The 2016 Youth Development Index – now the only global index exploring the specific situation for children and young people – has been published. This year’s edition is a truly global index, includes scores and analysis for 183 countries. While 142 countries improved their scores, the index sees big changes in the global rankings – including in the top spots – and offers a renewed challenge to policy-makers to ensure they continually respond to young people’s needs. The 2016 YDI is a tough reminder: when it comes to youth, no country can afford to be complacent.
The Global Youth Forum of the World Bank is taking place right now, gathering more than 150 partners and representatives from the public and private sectors, civil society, and young people themselves. The Forum aims to move the youth agenda forward by building a sustainable Global Partnership for Youth in Development. It seeks to explore what works and what doesn’t—for whom, where and why—and how development can be more open to youth-driven ideas.
The outgoing Secretary General of the United Nations, Ban Ki-moon, made youth one of the priorities of his second term, aiming to “address the needs of the largest generation of young people the world has ever known.” We will look back at his entire mandate and the progress made later in the year, but as the campaign for the new Secretary General takes off, it is clear that much remains to be done. Here is our list of ten actions for the new Secretary General to advance youth issues globally.
Governments increasingly see national youth policies as the vehicle through which to channel and mobilise resources for young people. To support them – and you – we’re launching the Youth Policy Labs Summer Academy – a new one-week course in Berlin – designed for youth policy professionals, taking place 24-30 July 2016 in Berlin. From our experienced team, the Academy will showcase the latest research, tools and best practices when it comes to making policies happen for youth.
Today, for the first time in the history of the United Nations, the Security Council – one of the six principal organs of the UN. charged with the maintenance of international peace and security – has adopted a resolution on young people. This is not the first time the Security Council considers youth issues, but it’s a milestone because it changes fundamentally how the Security Council considers young people. Read on for details about the resolution and voices from the key actors who have pushed for its adoption.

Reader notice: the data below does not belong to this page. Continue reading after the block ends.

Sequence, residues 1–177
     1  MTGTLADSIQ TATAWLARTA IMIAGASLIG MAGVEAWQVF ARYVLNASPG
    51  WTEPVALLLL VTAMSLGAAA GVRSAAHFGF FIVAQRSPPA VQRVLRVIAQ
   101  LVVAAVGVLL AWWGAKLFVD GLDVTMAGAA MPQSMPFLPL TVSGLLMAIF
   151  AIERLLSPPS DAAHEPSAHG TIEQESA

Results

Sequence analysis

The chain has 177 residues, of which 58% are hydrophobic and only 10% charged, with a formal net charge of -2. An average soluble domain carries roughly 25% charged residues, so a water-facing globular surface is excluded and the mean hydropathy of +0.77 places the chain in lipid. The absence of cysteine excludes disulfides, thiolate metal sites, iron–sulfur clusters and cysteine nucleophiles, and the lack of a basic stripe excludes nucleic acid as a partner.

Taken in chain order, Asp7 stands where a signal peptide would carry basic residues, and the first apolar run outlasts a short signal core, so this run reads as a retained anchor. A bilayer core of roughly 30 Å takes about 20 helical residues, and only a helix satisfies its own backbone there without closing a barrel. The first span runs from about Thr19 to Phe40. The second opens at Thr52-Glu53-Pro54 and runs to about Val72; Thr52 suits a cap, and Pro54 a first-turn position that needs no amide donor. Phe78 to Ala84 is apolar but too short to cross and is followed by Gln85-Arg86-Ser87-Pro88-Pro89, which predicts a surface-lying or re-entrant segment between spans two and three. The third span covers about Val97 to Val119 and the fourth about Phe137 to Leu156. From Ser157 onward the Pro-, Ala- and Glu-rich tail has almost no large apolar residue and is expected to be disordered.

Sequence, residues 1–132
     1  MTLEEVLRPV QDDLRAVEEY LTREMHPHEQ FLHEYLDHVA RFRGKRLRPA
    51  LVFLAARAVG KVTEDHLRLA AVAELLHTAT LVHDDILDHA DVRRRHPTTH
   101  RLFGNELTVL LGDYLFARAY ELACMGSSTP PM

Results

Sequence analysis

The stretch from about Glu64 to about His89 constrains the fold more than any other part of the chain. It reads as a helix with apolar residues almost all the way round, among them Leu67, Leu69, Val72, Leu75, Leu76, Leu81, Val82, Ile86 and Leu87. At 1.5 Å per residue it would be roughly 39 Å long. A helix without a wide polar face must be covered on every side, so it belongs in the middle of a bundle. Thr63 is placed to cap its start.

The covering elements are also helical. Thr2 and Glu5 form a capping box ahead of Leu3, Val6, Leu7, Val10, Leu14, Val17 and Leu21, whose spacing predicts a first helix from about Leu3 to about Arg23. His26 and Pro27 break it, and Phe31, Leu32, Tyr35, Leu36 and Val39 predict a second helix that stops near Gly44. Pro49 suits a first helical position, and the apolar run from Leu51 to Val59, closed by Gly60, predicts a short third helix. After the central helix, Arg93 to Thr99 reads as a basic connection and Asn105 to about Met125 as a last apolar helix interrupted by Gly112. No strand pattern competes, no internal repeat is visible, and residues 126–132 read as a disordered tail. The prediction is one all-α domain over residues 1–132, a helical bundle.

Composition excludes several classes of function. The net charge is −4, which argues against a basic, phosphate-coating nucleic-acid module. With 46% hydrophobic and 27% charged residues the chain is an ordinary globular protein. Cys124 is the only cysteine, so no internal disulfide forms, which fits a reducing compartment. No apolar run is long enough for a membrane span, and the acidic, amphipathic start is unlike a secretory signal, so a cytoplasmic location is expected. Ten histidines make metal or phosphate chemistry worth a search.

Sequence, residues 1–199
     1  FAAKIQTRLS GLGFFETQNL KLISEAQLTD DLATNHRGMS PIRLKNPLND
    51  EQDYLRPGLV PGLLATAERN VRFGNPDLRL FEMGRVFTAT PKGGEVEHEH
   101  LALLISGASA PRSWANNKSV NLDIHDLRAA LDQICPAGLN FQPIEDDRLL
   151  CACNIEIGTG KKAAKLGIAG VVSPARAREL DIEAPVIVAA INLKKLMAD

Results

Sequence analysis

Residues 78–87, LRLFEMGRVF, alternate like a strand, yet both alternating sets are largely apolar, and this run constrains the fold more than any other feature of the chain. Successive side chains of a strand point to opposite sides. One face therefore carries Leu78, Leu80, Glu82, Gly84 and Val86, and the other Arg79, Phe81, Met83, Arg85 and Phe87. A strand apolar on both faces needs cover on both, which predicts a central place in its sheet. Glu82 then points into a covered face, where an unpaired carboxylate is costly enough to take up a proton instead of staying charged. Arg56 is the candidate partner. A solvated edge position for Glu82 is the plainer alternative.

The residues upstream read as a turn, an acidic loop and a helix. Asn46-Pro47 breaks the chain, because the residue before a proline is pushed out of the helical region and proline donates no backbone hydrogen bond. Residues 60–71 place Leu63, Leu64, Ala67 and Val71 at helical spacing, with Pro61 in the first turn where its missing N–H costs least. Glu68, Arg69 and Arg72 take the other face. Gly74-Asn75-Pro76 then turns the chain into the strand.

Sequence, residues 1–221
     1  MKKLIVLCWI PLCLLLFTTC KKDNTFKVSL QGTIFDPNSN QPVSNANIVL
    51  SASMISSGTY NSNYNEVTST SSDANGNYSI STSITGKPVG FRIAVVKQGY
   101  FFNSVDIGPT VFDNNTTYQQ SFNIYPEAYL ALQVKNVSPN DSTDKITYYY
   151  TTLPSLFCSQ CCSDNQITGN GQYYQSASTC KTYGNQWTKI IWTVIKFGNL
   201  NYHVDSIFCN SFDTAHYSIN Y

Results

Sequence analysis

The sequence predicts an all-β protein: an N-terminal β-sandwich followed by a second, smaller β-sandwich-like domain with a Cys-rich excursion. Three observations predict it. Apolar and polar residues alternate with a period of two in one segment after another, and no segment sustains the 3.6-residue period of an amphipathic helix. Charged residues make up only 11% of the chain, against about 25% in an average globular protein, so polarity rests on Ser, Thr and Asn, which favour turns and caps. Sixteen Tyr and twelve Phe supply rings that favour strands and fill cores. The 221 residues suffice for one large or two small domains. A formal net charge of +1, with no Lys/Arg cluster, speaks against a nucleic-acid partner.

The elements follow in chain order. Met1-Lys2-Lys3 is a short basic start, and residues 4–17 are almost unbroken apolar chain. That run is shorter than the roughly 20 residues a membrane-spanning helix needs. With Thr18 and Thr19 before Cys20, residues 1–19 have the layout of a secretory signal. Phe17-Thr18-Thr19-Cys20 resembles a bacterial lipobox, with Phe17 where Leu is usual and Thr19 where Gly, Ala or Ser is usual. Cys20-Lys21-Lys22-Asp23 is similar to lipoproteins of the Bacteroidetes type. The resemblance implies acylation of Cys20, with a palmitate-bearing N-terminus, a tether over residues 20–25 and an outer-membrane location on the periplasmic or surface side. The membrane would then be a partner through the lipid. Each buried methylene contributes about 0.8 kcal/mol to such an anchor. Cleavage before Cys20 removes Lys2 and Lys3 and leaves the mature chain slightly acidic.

When talking about youth-related issues in the European Union, ‘unemployment’ has become one of the buzzwords in the last few years. Since the Union was heavily hit by the crisis in 2007, the employment situation especially in the South has considerably worsened: More than half of young people cannot find decent work. What does this mean for the realities of young Europeans? How have their lives changed? What is their reaction? An insight in what is now known as the “Generation Crisis.”
How time flies! Three years of building an evidence-base for youth policy have gone by, with several extensions of our website to accommodate libraries, fact sheets, databases and mappings… Time for us to rethink how we present the huge amount of data we have collected, developed and created over time. Welcome to our new home! Come on through for an introduction to our new features and for an outlook on what’s coming next.
The First Global Forum on Youth Policies, hailed as ‘the most important youth forum of the decade,’ concluded with a commitment of all co-conveners to respect eight youth policy principles, discussed during the Forum, and to implement ten action points in the coming years. A month after the Forum ended, we are putting our own commitments to the community on the table. Click through for what we are planning to do in the next 3 years!
Between the 28-30 October, the First Global Forum on Youth Policies will take place in Baku, Azerbaijan, bringing together 700 youth policy experts—from governments and parliaments, youth networks and movements, research and development communities—at a time when renewed interest in and momentum for youth policies struggles with multiple dilemmas and obstacles. Here is our Top 10 reading recommendations for all those attending!
Creating our Youth Policy Fact Sheets was an exercise in information excavation: to dig into the deep, dark and dusty corners of youth research, data and statistics, and to bring them to light. Much data on youth exists, but is often not collated in comprehensive or comparable ways. Our fact sheets allow, for the first time, comparisons across youth policy contexts around the world – from Bogota to Bamako, from Sofia to Seoul.